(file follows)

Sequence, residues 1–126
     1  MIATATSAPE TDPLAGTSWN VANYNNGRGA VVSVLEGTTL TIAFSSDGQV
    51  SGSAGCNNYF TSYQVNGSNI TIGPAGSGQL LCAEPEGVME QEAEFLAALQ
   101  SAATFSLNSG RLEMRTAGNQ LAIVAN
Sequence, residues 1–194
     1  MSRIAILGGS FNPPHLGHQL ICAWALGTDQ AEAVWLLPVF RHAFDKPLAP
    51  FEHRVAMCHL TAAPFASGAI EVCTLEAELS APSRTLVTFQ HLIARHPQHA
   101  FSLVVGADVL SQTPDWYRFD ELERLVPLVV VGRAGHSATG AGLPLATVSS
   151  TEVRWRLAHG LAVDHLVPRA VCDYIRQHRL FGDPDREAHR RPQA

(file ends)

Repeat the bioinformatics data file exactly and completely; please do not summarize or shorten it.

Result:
Sequence, residues 1–126
     1  MIATATSAPE TDPLAGTSWN VANYNNGRGA VVSVLEGTTL TIAFSSDGQV
    51  SGSAGCNNYF TSYQVNGSNI TIGPAGSGQL LCAEPEGVME QEAEFLAALQ
   101  SAATFSLNSG RLEMRTAGNQ LAIVAN
Sequence, residues 1–194
     1  MSRIAILGGS FNPPHLGHQL ICAWALGTDQ AEAVWLLPVF RHAFDKPLAP
    51  FEHRVAMCHL TAAPFASGAI EVCTLEAELS APSRTLVTFQ HLIARHPQHA
   101  FSLVVGADVL SQTPDWYRFD ELERLVPLVV VGRAGHSATG AGLPLATVSS
   151  TEVRWRLAHG LAVDHLVPRA VCDYIRQHRL FGDPDREAHR RPQA